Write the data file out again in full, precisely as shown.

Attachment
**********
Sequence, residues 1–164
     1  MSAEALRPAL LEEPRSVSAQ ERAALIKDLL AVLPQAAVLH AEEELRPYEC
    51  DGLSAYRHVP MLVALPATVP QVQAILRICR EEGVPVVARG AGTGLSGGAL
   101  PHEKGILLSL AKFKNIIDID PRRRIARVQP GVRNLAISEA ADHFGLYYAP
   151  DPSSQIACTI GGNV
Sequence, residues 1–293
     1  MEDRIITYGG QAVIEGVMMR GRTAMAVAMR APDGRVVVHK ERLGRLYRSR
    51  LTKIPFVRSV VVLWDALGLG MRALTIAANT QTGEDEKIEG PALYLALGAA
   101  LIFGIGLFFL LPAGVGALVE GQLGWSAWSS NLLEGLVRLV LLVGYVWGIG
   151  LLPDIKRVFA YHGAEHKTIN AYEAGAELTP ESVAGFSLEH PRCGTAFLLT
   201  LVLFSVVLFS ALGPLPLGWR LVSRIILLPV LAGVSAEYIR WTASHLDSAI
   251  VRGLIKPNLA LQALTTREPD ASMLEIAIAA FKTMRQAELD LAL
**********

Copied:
Sequence, residues 1–164
     1  MSAEALRPAL LEEPRSVSAQ ERAALIKDLL AVLPQAAVLH AEEELRPYEC
    51  DGLSAYRHVP MLVALPATVP QVQAILRICR EEGVPVVARG AGTGLSGGAL
   101  PHEKGILLSL AKFKNIIDID PRRRIARVQP GVRNLAISEA ADHFGLYYAP
   151  DPSSQIACTI GGNV
Sequence, residues 1–293
     1  MEDRIITYGG QAVIEGVMMR GRTAMAVAMR APDGRVVVHK ERLGRLYRSR
    51  LTKIPFVRSV VVLWDALGLG MRALTIAANT QTGEDEKIEG PALYLALGAA
   101  LIFGIGLFFL LPAGVGALVE GQLGWSAWSS NLLEGLVRLV LLVGYVWGIG
   151  LLPDIKRVFA YHGAEHKTIN AYEAGAELTP ESVAGFSLEH PRCGTAFLLT
   201  LVLFSVVLFS ALGPLPLGWR LVSRIILLPV LAGVSAEYIR WTASHLDSAI
   251  VRGLIKPNLA LQALTTREPD ASMLEIAIAA FKTMRQAELD LAL